• Criminal Law: regulation and enforcement of rights setting the acceptable limits of conduct in society.

  • Equity Law: preventative law for cases not covered by common law (i.e., a restraining order)

  • Administrative Law: includes rules or laws established by governmental agencies such as the IRS, Social Security and the military.

The Bill of Rights
Gives individuals the right:

  • To be presumed innocent until proven guilty

  • Not to be searched unreasonably

  • Not to be arrested without probable cause

  • Against unreasonable seizure of personal property

  • Against self-incrimination

  • To fair questioning by police

  • To protection from physical harm throughout the justice process

  • To an attorney

  • To trial by jury

  • To know any charges against oneself

  • To cross-examine prosecution witnesses

  • To speak and present witnesses

  • Not to be tried again for the same crime

  • Against cruel and unusual punishment

  • To due process

  • To a speedy trial

  • Against excessive bail

  • Against excessive fines

  • To be treated the same as others, regardless of race, gender, religious preference, country of origin, and other personal attributes

Due Process

  • The government may not take away your life, liberty, or property without following appropriate legal procedures.

  • Probable cause: situation in which a reasonable and prudent person, viewing the available information, would conclude that a crime has been committed by the suspect.

Miranda v Arizona

  • In 1963, Ernesto Miranda, a 23 year old mentally disturbed man, was accused of kidnapping and raping an 18-year-old woman in Phoenix, Arizona. He was brought in for questioning, and confessed to the crime. He was not told that he did not have to speak or that he could have a lawyer present. At trial, Miranda's lawyer tried to get the confession thrown out, but the motion was denied. The case went to the Supreme Court in 1966. The Court ruled that the statements made to the police could not be used as evidence, since Mr. Miranda had not been advised of his rights.

Miranda Rights

The following is the Miranda warning:

  • “You have the right to remain silent. Anything you say can and will be used against you in a court of law. You have the right to speak to an attorney, and to have an attorney present during any questioning. If you cannot afford a lawyer, one will be provided to you prior to any questioning>”

Types of Crimes

  • Infraction

  • Misdemeanor

  • Felony

Forensic Legal Vocabulary

  • Infraction: very minor offense, and not necessarily a crime. Punishable by warnings, tickets and probation.

  • Misdemeanor: a minor crime, less than a felony, usually punished with a fine or confinement other than in prison

  • Felony: a serious crime, such as murder, punishable by more than one year of imprisonment up to execution.

Steps in Pursuing Justice

  • 1. After a crime has been committed, and evidence has been documented, a suspect may be taken into custody.

  • 2. Suspect is booked and informed of Miranda Rights.

  • 3. Within 72 hours they are brought before a judge for an arraignment. The suspect enters their plea of guilty, not guilty, not guilty by reason of insanity, or nolo contendere.

  • 4. A person pleading guilty will be taken to a preliminary (or evidentiary) hearing. No jury is present, and the Judge assigns the sentence.

  • 5. A person pleading not guilty at the preliminary hearing presents evidence to the Judge and the judge determines whether a trial is necessary, sets the trial date and sets the bail.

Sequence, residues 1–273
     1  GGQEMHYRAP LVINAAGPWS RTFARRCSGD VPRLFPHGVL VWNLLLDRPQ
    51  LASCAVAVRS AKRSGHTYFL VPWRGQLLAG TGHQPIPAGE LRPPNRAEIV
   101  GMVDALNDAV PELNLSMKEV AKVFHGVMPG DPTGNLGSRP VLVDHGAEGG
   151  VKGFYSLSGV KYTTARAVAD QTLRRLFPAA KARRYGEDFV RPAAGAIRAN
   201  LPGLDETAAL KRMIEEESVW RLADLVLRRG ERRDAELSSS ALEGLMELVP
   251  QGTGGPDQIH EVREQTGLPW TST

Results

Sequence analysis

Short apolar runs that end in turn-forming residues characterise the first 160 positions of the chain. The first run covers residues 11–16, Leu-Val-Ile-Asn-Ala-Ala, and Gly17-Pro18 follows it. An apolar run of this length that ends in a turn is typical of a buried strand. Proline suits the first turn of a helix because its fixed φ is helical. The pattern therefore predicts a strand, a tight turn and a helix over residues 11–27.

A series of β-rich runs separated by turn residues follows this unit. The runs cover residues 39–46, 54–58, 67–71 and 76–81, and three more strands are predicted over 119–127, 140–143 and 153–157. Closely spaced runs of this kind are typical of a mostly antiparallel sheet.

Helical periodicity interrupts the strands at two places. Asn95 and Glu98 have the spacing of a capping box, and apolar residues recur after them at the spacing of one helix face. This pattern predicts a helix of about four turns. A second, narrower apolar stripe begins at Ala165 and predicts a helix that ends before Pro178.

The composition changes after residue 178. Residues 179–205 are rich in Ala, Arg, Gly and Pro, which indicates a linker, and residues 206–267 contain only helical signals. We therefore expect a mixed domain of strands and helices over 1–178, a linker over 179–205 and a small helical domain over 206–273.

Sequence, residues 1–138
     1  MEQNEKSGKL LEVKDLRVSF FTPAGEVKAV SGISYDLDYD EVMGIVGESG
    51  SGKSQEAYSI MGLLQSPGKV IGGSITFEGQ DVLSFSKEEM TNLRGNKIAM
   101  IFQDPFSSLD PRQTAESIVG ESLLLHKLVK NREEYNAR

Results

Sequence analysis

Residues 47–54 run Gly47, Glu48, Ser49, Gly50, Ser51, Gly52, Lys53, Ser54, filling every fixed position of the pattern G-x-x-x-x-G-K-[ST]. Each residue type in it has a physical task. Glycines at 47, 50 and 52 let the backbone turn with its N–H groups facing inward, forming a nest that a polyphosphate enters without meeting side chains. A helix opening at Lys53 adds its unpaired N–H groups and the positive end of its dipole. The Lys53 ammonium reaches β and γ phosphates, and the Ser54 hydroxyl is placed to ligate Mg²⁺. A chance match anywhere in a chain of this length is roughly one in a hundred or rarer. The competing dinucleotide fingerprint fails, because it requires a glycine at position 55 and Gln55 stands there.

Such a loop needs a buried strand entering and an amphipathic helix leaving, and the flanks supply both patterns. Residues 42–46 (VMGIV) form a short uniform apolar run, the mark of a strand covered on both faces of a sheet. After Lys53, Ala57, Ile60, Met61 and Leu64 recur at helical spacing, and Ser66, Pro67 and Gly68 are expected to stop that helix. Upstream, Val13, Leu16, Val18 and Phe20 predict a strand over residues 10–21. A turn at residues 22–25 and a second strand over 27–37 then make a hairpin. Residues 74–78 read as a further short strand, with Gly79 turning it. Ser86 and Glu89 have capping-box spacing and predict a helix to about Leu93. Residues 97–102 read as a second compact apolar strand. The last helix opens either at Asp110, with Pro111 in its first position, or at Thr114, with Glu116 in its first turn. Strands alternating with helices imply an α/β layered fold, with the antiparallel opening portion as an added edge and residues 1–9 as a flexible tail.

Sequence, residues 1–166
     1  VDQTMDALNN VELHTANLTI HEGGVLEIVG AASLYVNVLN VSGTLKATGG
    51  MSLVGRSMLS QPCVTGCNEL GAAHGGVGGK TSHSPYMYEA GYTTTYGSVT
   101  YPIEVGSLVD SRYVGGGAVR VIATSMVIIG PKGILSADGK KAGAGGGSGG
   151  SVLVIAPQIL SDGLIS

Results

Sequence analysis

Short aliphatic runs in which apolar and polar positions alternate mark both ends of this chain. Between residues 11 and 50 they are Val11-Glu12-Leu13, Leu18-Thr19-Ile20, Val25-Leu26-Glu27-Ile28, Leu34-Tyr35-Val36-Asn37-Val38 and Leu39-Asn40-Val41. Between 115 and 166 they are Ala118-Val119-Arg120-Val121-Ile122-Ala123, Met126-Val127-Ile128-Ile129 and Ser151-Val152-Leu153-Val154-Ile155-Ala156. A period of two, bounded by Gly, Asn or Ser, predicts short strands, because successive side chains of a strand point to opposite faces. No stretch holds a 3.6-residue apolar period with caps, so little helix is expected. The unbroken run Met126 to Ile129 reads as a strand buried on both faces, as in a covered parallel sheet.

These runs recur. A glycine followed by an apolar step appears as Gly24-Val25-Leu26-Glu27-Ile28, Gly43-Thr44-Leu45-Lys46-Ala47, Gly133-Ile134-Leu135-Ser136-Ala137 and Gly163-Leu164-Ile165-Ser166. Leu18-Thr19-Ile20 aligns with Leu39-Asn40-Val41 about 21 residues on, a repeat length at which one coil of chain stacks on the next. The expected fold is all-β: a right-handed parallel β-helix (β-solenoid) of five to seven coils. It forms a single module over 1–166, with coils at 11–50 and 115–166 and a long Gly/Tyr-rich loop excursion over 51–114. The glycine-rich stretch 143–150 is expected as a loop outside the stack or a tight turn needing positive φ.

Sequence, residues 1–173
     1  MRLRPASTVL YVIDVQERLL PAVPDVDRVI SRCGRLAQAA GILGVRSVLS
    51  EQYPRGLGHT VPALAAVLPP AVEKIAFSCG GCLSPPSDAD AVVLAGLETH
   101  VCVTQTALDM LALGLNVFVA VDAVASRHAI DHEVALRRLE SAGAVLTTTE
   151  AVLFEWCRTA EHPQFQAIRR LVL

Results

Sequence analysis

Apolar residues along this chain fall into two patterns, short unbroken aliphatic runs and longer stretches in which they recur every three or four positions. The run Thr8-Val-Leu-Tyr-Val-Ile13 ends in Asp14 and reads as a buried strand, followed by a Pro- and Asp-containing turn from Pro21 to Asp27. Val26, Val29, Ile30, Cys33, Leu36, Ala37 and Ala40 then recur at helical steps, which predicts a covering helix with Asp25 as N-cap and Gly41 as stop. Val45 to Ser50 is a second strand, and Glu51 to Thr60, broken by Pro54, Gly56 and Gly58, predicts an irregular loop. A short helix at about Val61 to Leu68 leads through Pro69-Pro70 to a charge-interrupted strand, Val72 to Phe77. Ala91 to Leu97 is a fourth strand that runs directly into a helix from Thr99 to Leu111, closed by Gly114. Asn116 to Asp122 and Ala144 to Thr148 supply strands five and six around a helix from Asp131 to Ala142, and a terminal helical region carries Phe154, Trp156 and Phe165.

• 6. In the case of a felony, a grand jury will be in place of a preliminary hearing and the jury will hear the evidence and decide whether the suspect should be indicted.

  • 7. A defendant may choose to plea bargain with the prosecutor instead of going to trial, or they will tried by a jury to determine guilt or innocence.

Forensic Legal Vocabulary

  • Booking: a police procedure following arrest. Includes fingerprinting, a photograph, and basic information about the suspect.

  • Arraignment: the first act in a criminal proceding in which the defendant is brought before the court to hear charges and enter a plea.

  • Nolo Contendere: latin for “no contest”, the defendant doesn’t actually admit to guilt, but accepts the punishment as if they were guilty.

  • Preliminary hearing: determines whether a trial is necessary according to evidence presented.

  • Bail: money put up to guarantee that the defendant will appear in court as directed. A bondsman will pay the bail for a fee of 10% of the bail. If the defendant doesn’t appear at court, bounty hunters will find the suspect to return them to court.

  • Indict: to formally accuse a person of a crime

  • Plea bargain: an agreement in which a defendant pleads guilty to a lesser charge and the prosecutor in return drops the more serious charges to avoid the time and cost of a trial.

Federal Rules of Evidence

In order for evidence to be admissible, it must be:

  • Probative—actually prove something

  • Material—address an issue that is relevant to the particular crime

Admissibility of Evidence

1923 Frye v. United States

  • Scientific evidence is allowed into the courtroom if it is generally accepted by the relevant scientific community. The Frye standard does not offer any guidance on reliability. The evidence is presented in the trial and the jury decides if it can be used.

1993 Daubert v. Dow

Admissibility is determined by:

  • Whether the theory or technique can be tested

  • Whether the science has been offered for peer review

  • Whether the rate of error is acceptable

  • Whether the method at issue enjoys widespread acceptance.

  • Whether the opinion is relevant to the issue

The judge decides if the evidence can be entered into the trial.

Facets of Guilt

Try to prove:

  • Means—person had the ability to do the crime

  • Motive—person had a reason to do the crime (not necessary to prove in a court of law)

  • Opportunity—person can be placed at the crime

“If the Law has made you a witness, remain a man (woman) of science.

You have no victim to avenge, no guilty or innocent person to ruin or save.

You must bear testimony within the limits of science.”

—P.C.H. Brouardel